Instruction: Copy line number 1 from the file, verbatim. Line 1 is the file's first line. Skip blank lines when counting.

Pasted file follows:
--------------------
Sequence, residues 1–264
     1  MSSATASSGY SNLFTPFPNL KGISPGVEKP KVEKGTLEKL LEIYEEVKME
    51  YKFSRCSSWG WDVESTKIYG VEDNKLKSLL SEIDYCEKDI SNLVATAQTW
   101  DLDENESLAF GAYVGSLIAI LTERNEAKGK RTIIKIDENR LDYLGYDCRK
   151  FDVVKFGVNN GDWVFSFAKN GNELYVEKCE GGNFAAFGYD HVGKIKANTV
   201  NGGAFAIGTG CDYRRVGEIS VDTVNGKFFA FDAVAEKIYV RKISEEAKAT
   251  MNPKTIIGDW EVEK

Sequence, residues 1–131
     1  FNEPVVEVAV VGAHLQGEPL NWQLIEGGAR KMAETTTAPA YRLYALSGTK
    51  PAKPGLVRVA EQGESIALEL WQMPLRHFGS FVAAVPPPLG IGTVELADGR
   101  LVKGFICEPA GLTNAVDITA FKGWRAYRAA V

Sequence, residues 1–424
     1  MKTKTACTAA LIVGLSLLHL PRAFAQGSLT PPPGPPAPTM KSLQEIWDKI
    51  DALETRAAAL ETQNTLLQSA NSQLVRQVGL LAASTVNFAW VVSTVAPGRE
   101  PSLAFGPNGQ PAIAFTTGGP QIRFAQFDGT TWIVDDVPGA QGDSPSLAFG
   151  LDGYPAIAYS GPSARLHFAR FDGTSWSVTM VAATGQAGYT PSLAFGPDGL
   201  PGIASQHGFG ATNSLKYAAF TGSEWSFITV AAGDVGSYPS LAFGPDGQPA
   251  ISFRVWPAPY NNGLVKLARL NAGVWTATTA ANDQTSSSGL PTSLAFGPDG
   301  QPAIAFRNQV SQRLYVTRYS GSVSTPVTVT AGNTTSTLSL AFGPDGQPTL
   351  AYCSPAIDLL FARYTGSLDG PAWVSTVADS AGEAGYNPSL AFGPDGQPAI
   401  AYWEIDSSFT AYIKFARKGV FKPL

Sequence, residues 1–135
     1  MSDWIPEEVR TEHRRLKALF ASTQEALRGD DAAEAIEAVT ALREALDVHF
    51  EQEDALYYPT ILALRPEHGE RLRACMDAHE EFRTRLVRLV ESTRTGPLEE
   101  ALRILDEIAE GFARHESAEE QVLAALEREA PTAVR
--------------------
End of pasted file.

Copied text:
Sequence, residues 1–264